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A Malaysian court ruled Wednesday that Swatch can challenge the seizure of more than 100 Pride-themed watches, the Swiss company's lawyer said.
The government in Malaysia -- where homosexuality is outlawed and LGBTQ people face widespread discrimination -- has banned rainbow-themed Swatch timepieces, warning that owners or sellers face up to three years in prison.
In May, authorities raided Swatch stores at 11 malls across Malaysia, confiscating 172 watches they described as having "LGBT elements".
The Kuala Lumpur High Court ruled Wednesday that Swatch can challenge that seizure through a judicial review, the company's lawyer Nizam Bashir told AFP.
"The court has agreed to hear Swatch's application for the return of the watches and damages," he said.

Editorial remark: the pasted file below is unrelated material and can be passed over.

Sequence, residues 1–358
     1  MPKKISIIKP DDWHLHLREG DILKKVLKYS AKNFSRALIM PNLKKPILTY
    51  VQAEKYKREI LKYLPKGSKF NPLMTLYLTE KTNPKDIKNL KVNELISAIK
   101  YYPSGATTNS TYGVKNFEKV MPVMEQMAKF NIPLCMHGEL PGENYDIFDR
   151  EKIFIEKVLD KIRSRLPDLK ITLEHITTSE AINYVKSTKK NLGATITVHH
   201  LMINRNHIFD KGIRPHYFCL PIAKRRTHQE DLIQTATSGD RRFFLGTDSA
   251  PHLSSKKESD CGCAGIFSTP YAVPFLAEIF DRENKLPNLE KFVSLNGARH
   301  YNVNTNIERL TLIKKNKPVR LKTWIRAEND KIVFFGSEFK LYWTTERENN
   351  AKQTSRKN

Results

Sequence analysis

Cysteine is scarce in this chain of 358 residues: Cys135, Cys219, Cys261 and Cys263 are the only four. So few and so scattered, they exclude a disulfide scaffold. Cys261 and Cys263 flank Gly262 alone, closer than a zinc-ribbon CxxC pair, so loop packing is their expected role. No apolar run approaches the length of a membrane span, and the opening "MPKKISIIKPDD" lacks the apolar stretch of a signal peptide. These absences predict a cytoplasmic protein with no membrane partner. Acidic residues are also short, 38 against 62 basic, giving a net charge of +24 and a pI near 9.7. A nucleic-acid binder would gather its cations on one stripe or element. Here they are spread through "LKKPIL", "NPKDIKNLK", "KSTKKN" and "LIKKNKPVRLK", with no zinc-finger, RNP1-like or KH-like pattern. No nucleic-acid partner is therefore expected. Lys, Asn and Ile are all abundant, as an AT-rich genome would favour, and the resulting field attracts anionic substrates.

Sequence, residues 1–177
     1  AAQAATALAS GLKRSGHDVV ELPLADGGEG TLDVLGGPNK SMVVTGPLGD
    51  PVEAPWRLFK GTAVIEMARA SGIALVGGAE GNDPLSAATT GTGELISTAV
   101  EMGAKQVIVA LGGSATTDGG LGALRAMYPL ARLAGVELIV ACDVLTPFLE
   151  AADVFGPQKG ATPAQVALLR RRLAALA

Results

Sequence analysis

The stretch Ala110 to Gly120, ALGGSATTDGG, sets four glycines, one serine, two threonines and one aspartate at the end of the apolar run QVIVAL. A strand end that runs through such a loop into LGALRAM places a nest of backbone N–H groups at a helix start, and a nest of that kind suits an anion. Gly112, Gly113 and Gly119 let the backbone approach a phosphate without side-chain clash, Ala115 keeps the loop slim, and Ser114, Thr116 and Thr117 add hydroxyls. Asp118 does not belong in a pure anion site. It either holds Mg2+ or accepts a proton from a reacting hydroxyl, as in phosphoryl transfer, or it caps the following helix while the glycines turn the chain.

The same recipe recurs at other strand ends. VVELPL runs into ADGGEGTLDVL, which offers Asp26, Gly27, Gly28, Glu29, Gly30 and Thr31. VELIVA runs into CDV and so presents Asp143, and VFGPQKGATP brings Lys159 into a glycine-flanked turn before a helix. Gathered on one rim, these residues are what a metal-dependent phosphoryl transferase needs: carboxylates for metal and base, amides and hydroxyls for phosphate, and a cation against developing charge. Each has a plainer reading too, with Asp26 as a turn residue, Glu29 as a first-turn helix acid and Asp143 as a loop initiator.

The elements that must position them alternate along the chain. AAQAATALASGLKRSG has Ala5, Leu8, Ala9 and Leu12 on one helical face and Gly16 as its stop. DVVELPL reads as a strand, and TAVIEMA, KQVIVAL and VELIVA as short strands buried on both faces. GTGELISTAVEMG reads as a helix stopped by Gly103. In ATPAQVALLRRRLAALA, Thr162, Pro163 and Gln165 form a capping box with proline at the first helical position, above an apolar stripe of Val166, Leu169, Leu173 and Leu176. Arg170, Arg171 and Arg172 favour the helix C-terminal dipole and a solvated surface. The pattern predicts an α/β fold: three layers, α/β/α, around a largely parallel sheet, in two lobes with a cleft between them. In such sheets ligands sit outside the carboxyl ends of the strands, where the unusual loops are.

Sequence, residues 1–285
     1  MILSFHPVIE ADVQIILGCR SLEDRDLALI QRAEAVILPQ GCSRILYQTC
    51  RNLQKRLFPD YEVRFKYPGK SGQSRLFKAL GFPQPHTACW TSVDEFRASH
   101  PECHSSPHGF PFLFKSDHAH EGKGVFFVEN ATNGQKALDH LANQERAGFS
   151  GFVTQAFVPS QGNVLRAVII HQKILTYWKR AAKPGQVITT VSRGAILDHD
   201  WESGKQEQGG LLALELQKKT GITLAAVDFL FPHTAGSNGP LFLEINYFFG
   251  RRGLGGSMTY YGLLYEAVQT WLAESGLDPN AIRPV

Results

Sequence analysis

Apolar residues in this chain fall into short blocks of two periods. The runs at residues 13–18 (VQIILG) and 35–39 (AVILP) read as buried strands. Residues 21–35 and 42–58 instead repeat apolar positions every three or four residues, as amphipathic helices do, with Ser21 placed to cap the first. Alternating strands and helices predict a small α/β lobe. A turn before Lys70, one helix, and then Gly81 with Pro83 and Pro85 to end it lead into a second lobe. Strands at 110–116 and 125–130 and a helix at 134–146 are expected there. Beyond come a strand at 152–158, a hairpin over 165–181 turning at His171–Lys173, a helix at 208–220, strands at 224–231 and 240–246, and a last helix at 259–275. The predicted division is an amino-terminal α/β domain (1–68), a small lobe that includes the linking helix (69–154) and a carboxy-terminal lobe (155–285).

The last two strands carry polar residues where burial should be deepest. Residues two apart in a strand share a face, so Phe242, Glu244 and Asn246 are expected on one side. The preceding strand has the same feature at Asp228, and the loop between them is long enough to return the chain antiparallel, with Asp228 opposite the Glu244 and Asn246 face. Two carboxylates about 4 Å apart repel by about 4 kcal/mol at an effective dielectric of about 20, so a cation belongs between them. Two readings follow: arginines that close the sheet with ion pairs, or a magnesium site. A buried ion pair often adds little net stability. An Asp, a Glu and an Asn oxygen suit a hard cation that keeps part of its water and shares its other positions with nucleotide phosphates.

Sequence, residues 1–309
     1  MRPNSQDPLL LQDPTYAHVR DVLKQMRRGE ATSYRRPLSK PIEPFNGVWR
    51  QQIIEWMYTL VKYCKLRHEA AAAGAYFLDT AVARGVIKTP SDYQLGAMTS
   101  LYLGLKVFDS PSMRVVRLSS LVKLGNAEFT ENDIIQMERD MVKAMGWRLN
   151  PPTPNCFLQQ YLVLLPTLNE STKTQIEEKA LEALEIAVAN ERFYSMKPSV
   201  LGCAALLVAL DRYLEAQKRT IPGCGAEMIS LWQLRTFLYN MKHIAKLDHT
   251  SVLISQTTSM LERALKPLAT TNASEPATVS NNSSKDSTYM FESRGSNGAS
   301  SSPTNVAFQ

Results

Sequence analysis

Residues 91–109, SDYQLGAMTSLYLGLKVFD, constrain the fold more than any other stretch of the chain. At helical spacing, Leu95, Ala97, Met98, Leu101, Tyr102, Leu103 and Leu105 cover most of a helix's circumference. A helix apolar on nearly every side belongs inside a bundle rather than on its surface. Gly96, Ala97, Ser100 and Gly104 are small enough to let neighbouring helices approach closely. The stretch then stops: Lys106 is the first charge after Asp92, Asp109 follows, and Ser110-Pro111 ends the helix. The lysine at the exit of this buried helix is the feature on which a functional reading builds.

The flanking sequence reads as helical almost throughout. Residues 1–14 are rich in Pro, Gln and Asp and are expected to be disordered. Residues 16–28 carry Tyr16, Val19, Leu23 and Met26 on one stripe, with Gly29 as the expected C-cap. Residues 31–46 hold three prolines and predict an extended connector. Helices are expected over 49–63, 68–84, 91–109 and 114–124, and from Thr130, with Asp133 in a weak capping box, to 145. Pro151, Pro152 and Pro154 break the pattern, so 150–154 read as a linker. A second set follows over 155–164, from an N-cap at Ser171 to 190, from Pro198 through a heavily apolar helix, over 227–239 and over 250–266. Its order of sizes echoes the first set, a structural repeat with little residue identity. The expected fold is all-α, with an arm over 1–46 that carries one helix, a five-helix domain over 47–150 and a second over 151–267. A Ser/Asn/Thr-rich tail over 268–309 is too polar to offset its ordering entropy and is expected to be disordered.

The court is expected to schedule a hearing on September 6, Nizam added.
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In its suit challenging the seizure, Swatch said its "trading reputation has been damaged".
"The watches did not promote any sexual activity, but merely a fun and joyous expression of peace and love," it said in the suit, which seeks the return of the items as well as unspecified damages.
The Malaysian government said these watches "may harm... the interests of the nation by promoting, supporting and normalising the LGBTQ+ movement that is not accepted by the general public".
The seizure was based on Malaysia's Printing Presses and Publications Act of 1984, which critics have condemned as draconian.